I tend to be single minded … so when I get interested in something, that’s all I think about. If it’s a home project, I’ll want to call in sick (or beg to work from home so I can “multi-task” 😉 ), and if it’s a project at work, I don’t complain about coming in early or staying late.
Is that the opposite of ADD?
Anyway, for the last few weeks I’ve been single-mindedly sewing. I’ve skipped out on social activities, let my nails go ragged and not answered the phone. G is impressed that I have found a hobby that will endure, but I’m not impressed with myself for getting too wrapped up in one activity.
The thing about sewing is that it has no end. There’s always a new project or skill to learn (and I have plenty to learn). The last obsession was my Marie Kondo journey, but with the tidying up there was a beginning and an end. Yup, that tidying-up has endured and my closets and drawers still look fantastic! My other ongoing obsession is gardening, but with that there is a season – especially in parts of the world where there is a hard freeze. As my sister has said, the only thing better than gardening is the months when you let the beds rest and dream of gardening.
But I’ve missed posting in my blog and I really need to get onto a serious workout regime, so I’m going to seek more balance, starting now. On Monday I finished a wadder sewing project (the sewist ladies at patternreview.com taught me that some projects deserve to be wadded up and tossed). Thus with that unsatisfying project done, now is a good time to broaden my interests and quit obsessively working on one thing, or the other. Balance.
So the first order of business is a blog update.
G managed to drag me away from my sewing machine last weekend for a long-planned visit to Portland, Maine. We don’t know anyone there and aren’t really leaf peepers, so why Maine? It’s on the list of possible retirement locations. (I know the winters are cold, but I grew up with cold weather, and as Rhoda Morgenstern said, I figure I’ll keep better) Seriously, our ideal is a place with considerably lower population density, mountains and the sea.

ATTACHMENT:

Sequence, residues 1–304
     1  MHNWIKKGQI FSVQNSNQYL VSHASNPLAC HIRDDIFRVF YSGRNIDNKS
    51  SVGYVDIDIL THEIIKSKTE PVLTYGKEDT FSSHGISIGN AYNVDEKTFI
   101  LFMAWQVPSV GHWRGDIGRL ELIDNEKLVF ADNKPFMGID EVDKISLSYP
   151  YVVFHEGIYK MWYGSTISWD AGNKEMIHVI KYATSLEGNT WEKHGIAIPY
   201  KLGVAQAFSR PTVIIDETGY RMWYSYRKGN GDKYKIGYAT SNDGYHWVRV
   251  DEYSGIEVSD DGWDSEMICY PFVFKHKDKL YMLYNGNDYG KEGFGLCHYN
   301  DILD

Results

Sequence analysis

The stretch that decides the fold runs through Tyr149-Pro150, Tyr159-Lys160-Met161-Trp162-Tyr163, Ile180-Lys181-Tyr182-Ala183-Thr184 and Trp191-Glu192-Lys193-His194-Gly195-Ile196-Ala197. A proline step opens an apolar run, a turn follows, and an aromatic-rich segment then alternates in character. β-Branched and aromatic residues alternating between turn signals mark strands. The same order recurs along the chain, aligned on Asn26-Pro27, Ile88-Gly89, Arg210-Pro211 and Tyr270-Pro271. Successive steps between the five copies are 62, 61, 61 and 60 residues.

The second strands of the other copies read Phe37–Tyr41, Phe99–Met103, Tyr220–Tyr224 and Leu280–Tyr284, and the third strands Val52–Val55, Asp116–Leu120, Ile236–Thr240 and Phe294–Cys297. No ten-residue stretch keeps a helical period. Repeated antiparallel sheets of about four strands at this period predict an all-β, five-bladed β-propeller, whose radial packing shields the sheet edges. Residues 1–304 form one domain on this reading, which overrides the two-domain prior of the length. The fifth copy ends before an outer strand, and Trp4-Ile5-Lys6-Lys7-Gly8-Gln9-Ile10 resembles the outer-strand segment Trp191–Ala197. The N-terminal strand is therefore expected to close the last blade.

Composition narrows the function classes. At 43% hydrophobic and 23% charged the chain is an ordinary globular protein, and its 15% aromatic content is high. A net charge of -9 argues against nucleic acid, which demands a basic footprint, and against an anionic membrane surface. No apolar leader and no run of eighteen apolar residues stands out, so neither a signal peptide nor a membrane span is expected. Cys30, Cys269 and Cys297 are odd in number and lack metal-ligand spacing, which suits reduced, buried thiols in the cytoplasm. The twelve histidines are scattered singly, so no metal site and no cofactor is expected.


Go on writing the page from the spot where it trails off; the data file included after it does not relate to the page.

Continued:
We stayed in Portland, right along the waterfront. Portland is a small city, but very picturesque with considerable history. Harbourside Portland is a foodie’s dream – so many cool, funky, interesting restaurants in old buildings. In 2009 Bon Appetit Magazine named Portland the “foodiest small town in the US”.
On Saturday we drove north to Acadia National Park (about 3 hours from Portland). This photo is enroute to the park. These sumacs were the first to begin showing colour. The day was unfortunately quite grey, so not too many photos.
Saturday night we found a great little restaurant called the King’s Head. Their Fish & Chips rivalled our favourite chippie in London, and this Brindle was the best cocktail I’ve had in a long time.Portland seems to be a young city, so lots of people out for dinner, drinks and socializing.
Sunday morning we drove over to the Portland Headlight, at Port Elizabeth. After a day of rain and wind, and another of cloud, Sunday was beautiful albeit crisp. After spending the morning here, I could see myself walking or jogging along this cliff wall when I don’t have the burden of work!
As we flew home, G asked me if Maine was still on the list. Yes, it is …
Oh, and once again I didn’t watch my Atlanta Falcons play their weekly football game (relied on Twitter for the highlights). They won and are currently unbeaten for the season! I’m beginning to think that it’s bad luck for me to actually watch the games because they’ve done so well when I haven’t been glued to the TV. I will say that this sunset while flying home makes up for missing a weekend of sewing, organizing or football watching.